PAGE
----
Ayushman Mitra (left) and Nil at the inauguration of the sixth edition of Dialogues at Max Mueller Bhavan on November 23. Picture by Bishwarup Dutta
It’s time to celebrate your sexuality — that is the message of the sixth edition of Dialogues, the annual Calcutta Lesbian Gay Bisexual Transgender film and video festival that began on Friday at Max Mueller Bhavan.
The festival, organised by Sappho for Equality and Pratyay Gender Trust in collaboration with Goethe Institut, ends on Sunday. On show are 43 feature films, documentaries and short films. The list includes mainstream films like Rituparno Ghosh’s Chitrangada: The Crowning Wish and Onir’s I Am and short films from two major festivals — Berlinale and Dresden Short Film Festival.
Day One saw actress June declare the festival open with the world premiere of Guide Gufran, a feature film by promising 22-year-old painter-film-maker Ayushman Mitra .
“Where love is concerned age is no bar. Similarly where love is concerned gender should be no bar,” June said to a packed house before the screening. Fashion designer Nil of Dev R Nil fame anchored the show.
Guide Gufran is a story of self-discovery of the central character Pasha (played by Mitra). The latter meets Gufran the guide in Calcutta where he seeks spiritual sanctuary. Gufran acts as a catalyst in his journey of self acceptance. Filmed guerrilla style, Guide Gufran, was partly funded by the proceeds from the sale of paintings by the director. The film will be screened again at 5pm on the last day of the festival.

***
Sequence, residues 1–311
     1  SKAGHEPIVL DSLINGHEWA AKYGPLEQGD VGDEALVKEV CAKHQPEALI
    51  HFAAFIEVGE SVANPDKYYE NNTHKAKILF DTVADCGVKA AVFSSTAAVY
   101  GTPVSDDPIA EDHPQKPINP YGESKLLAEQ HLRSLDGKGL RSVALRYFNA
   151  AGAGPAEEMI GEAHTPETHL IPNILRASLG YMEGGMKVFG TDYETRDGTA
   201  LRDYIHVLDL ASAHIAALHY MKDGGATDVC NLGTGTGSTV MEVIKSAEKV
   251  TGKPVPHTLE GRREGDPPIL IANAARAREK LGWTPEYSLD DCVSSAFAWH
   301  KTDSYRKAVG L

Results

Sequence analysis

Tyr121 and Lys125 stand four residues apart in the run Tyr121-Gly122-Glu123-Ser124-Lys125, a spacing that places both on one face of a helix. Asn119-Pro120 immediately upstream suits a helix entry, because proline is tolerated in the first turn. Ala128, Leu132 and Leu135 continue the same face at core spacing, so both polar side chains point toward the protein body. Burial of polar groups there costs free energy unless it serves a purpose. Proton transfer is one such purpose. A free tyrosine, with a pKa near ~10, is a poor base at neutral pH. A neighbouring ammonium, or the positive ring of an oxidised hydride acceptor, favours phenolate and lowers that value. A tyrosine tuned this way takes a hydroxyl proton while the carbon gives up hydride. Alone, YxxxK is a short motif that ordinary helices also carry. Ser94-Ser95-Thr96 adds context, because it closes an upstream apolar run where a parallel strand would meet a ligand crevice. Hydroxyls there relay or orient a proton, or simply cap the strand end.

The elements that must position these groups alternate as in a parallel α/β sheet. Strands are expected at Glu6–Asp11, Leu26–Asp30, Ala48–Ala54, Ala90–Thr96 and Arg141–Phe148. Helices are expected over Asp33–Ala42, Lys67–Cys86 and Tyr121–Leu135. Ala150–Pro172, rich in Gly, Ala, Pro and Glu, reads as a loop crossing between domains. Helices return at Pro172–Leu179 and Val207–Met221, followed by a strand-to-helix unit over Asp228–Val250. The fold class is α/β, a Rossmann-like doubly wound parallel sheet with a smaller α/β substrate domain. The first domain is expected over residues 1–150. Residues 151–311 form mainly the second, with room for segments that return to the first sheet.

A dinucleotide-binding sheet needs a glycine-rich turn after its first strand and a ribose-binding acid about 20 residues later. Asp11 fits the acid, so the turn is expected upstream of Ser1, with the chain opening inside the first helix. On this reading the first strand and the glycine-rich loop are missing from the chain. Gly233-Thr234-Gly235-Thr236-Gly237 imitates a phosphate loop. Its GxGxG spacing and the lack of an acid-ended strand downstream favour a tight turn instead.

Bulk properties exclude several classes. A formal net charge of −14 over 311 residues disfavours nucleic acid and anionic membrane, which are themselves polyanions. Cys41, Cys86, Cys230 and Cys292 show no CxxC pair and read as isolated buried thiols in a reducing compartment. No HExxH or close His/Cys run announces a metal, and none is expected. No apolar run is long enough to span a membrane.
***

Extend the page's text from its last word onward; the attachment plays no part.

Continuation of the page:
Chitrangada will be screened at 6.45pm on Sunday. An English documentary to look out for on Day Three (at 10am) is Izzatnagari ki Asabhya Betiyan by Nakul Singh Sawhney. It deals with the stories of five young Jat women who dared to resist the Khaps and their diktats.
The Berlinale shorts include 7 Deadly Kisses from Indonesia, As They Say from Morocco/UAE/Argentina, Loxoro from Spain/Peru/Argentina and The Man That Got Away from Canada. All of them will be screened on Sunday.
Tracing the journey of the festival since its modest start in 2007, Malabika of Sappho for Equality said at the launch: “It was heartening to see a queue outside today. This is not just another film festival. It is also a platform to create awareness. Nowadays so many young film-makers are focusing on LGBT issues. We want to start the dialogue. Sexuality is so much more than just sex and procreation. It’s about recreation and celebration too.”
“We have showcased many independent films from India and abroad. That’s one aspect of the festival we would like to continue with. Independent film-makers face enormous challenges to secure resources. The struggle becomes doubly difficult when the subject is queer-oriented,” said Anindya Hajra of Pratyay Gender Trust, one of the co-organisers of the festival.
After the screening of the inaugural film, there was a question-answer session between Mitra and the audience, followed by cocktails.